Is this guitar really worth almost three times the price you’d pay for the non-modified version? Does it represent a great leap forward in guitar design? Does it guarantee you’ll sound like the Pink Floyd main man? Ultimately does it feel like you’re playing nearly three grands worth of guitar? No… on all counts. The reason Mr. Gilmour plays this guitar is because it’s HIS guitar! Bought years ago (once again) as a stock stratocaster, it’s had all the knocks & scratches that any working guitar would pick up over a few decades of use, along with the kind of modifications that many of us apply to our own guitars as our playing style evolves. It wasn’t conceived & designed from scratch as the only guitar that would fit the needs of the player whose name it bears – the fact that Gilmour didn’t play this guitar for a almost two decades, relying instead on a candy apple red strat fitted with EMG pickups, demonstrates this to a large extent.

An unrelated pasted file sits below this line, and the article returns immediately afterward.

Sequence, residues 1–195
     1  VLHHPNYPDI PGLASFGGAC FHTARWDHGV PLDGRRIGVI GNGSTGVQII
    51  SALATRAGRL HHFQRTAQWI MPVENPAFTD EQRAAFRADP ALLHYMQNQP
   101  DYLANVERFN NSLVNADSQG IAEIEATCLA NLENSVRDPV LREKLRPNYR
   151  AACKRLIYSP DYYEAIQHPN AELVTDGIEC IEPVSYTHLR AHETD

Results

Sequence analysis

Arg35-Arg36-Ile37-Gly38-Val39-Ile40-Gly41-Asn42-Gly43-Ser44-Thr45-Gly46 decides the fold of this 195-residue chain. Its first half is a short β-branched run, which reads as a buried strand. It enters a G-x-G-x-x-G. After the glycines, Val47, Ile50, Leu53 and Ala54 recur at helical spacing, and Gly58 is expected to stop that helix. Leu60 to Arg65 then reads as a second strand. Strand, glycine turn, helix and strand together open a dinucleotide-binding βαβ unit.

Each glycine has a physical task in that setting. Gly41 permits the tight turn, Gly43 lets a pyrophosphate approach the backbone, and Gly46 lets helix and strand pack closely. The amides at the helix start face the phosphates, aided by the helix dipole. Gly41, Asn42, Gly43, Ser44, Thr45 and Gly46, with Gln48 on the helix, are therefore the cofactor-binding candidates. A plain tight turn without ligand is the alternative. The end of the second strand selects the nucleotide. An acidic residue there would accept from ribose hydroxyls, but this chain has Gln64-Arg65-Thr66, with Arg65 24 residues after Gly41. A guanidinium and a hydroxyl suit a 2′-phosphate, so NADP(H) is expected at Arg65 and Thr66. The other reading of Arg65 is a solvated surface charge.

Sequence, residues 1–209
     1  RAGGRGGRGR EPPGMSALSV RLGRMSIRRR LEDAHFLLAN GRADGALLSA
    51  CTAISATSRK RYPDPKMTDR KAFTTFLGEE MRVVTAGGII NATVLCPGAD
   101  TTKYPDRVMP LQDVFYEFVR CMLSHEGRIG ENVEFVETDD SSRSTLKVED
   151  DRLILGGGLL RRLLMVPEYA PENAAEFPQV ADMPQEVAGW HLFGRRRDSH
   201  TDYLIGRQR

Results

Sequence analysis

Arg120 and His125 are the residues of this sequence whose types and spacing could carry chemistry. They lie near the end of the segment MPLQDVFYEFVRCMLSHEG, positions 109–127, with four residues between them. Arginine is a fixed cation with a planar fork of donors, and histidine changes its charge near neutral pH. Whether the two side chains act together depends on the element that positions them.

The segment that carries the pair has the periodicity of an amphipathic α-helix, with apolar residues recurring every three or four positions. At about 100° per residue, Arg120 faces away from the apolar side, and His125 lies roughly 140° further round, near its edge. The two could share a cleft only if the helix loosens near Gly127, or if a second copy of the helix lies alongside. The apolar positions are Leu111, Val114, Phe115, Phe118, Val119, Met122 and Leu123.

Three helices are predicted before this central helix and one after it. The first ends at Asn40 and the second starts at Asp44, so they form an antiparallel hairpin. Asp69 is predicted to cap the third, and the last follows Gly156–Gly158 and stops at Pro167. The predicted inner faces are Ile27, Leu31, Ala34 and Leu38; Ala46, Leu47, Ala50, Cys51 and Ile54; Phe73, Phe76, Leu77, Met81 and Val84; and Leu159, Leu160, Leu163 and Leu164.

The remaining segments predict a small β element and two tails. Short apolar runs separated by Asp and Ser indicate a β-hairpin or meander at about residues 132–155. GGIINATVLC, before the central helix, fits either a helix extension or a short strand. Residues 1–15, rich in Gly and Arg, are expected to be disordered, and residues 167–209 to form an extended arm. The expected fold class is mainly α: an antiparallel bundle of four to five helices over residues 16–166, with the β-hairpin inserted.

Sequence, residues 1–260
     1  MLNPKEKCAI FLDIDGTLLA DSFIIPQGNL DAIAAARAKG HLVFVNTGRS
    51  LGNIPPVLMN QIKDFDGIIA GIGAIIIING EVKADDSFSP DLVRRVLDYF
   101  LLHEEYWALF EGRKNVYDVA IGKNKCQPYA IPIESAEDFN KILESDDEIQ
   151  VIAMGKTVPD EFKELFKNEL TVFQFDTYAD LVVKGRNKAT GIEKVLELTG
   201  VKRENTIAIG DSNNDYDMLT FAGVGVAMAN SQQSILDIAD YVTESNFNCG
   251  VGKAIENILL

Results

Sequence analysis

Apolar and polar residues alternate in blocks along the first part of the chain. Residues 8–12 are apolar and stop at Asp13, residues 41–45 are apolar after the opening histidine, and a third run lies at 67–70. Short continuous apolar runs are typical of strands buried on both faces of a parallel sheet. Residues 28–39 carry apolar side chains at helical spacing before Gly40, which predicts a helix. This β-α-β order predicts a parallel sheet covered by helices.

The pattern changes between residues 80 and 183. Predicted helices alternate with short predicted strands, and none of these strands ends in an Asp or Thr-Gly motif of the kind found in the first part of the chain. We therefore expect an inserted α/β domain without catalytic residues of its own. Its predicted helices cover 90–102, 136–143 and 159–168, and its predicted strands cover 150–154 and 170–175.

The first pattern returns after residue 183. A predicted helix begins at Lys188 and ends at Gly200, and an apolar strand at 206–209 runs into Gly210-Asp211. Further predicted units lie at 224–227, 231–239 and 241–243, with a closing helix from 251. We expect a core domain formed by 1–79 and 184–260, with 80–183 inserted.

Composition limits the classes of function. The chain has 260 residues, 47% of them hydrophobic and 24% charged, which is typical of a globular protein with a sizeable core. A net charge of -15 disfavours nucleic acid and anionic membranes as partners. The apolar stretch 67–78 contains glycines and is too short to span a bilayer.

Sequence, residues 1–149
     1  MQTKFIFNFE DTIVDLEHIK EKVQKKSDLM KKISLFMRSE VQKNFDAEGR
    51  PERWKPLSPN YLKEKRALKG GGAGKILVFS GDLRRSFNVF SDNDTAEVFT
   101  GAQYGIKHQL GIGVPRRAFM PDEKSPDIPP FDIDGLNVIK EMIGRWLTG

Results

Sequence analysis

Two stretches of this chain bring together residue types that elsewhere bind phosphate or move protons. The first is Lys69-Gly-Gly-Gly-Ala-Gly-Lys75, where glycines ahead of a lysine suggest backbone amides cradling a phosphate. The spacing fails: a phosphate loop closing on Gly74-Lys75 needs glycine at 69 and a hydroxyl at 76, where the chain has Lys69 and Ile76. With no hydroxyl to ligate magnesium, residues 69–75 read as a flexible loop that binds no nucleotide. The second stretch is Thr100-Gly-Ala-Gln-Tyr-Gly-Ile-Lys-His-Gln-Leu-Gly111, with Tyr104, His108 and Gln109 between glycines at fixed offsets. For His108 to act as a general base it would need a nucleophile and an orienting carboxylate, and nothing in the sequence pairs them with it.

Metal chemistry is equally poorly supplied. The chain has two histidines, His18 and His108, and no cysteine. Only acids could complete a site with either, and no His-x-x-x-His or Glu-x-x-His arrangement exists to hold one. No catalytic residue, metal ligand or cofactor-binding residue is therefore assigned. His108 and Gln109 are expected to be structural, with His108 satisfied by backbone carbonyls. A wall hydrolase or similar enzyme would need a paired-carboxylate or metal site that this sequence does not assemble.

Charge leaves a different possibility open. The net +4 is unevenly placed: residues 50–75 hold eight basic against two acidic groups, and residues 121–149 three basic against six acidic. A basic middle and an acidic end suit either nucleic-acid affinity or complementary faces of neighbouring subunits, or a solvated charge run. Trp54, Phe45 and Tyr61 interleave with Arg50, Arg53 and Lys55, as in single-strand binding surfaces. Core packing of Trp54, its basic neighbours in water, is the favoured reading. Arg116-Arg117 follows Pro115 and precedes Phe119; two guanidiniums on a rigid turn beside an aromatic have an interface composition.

If you purchase a DG signature strat, then the only reason I can think of for doing so is as an act of hero-worship – you’re certainly not investing your money in a genuinely superior musical instrument. You could get an equivalent guitar for a fraction of the price, which would sound pretty much identical straight out of the box. You could then (if you felt the need to) add the “tele” switch, replace the stock pickups & tremolo arm. As for the neck profile… well have you ever played an uncomfortable modern stratocaster? No, me neither – the neck profile thing is irrelevant, frankly. If you’re determined to get close to the Pink Floyd guitar sound, you don’t need to spend a huge wedge of cash on the David Gilmour strat. I might even go so far as to call it a cynical money making exercise on the part of all involved… but that’s just my opinion. Feel free to disagree, especially if you’ve actually bought one.

See you next time,

John.

John Robson Guitar Tuition

John Robson… Guitarist